Syria’s authorities should reveal the whereabouts of Bassel Khartabil, a software developer and free speech activist, and release him immediately, 31 organisations said on the fourth anniversary of his detention.
On 15 March 2012, Military Intelligence arrested Khartabil and held him in incommunicado detention for eight months before moving him to ‘Adra prison in Damascus in December 2012. During this time, he was subjected to torture and ill-treatment. He remained in ‘Adra until 03 October 2015, when he managed to inform his family that he was being transferred to an undisclosed location. Since then his whereabouts remain unknown and there are serious concerns for his life.
Based on unconfirmed information that the family received from some local sources, there are fears that he may have been tried and sentenced to death by a Military Field Court in the Military Police headquarters in Al-Qaboun, Damascus. These courts are notorious for conducting closed-door proceedings that do not meet minimum international standards for a fair trial.
Since his detention, many human rights groups have campaigned for his release. On 21 April 2015, the United Nations Working Group on Arbitrary Detention declared his detention a violation of the International Covenant on Civil and Political Rights, and called for his release, yet the Syrian authorities refuse to free him.
A Syrian of Palestinian parents, Khartabil is a 34-year-old computer engineer who worked to build a career in software and web development. Before his arrest, Khartabil used his technical expertise to help advance freedom of speech and access to information via the internet. He has won many awards, including the 2013 Index on Censorship Digital Freedom Award for using technology to promote an open and free internet, and was named one of Foreign Policy magazine’s Top 100 Global Thinkers of 2012 “for insisting, against all odds, on a peaceful Syrian revolution”.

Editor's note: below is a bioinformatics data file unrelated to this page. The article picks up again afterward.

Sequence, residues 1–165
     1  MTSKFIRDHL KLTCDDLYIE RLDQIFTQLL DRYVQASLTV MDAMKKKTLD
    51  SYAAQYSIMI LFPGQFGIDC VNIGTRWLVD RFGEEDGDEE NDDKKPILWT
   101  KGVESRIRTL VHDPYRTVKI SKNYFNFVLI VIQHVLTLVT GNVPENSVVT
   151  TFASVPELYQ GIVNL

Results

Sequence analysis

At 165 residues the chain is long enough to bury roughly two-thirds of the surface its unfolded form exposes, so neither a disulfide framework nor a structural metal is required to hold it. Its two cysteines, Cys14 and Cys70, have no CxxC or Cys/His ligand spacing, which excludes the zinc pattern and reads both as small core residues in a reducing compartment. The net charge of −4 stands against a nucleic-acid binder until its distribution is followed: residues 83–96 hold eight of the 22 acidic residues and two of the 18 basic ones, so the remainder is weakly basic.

The signatory organisations express concern at his ongoing arbitrary detention and enforced disappearance and believe that it is a direct result of his peaceful and legitimate work for the promotion and protection of the right to freedom of expression.
The groups call on the authorities in Syria to:
1. Arabic Network for Human Rights Information (ANHRI)
2. Association for Progressive Communications (APC)
3. Amnesty International
4. CIVICUS: World Alliance for Citizen Participation
5. Electronic Frontier Foundation (EFF)
6. English PEN
7. Euromed Rights (EMRHN)
8. Front Line Defenders (FLD)
9. Gulf Center for Human Rights (GCHR)
10. Human Rights Watch (HRW)
11. Humanist Institute for Cooperation with Developing Countries (HIVOS)
12. Iraqi Network for Social Media (INSM)
13. International Civil Society Action Network (ICAN)
14. International Federation for Human Rights (FIDH), within the Observatory for the Protection of Human Rights Defenders
15. International Media Support (IMS)
16. International Service for Human Rights (ISHR)
17. Iraqi Association for the Defence of Journalists’ Rights (IJRDA)
18. International Media Support (IMS)
19. Index on Censorship
20. Jordan Open Source Association (JOSA)
21. Lawyers Rights Watch Canada
22. Metro Centre to Defend Journalists in Iraqi Kurdistan
23. No Peace Without Justice (NPWJ)
24. PAX for Peace
25. PEN International
26. Reporters Without Borders (RSF)
27. Samir Kassir Foundation
28. Sisters Arab Forum for Human Rights (SAF)
29. Syrian Center for Media and Freedom of Expression
30. The Day After
31. Tunisian Initiative for Freedom of Expression
32. World Organisation Against Torture (OMCT), within the Observatory for the Protection of Human Rights Defenders
33. Violations Documentation Center in Syria (VDC)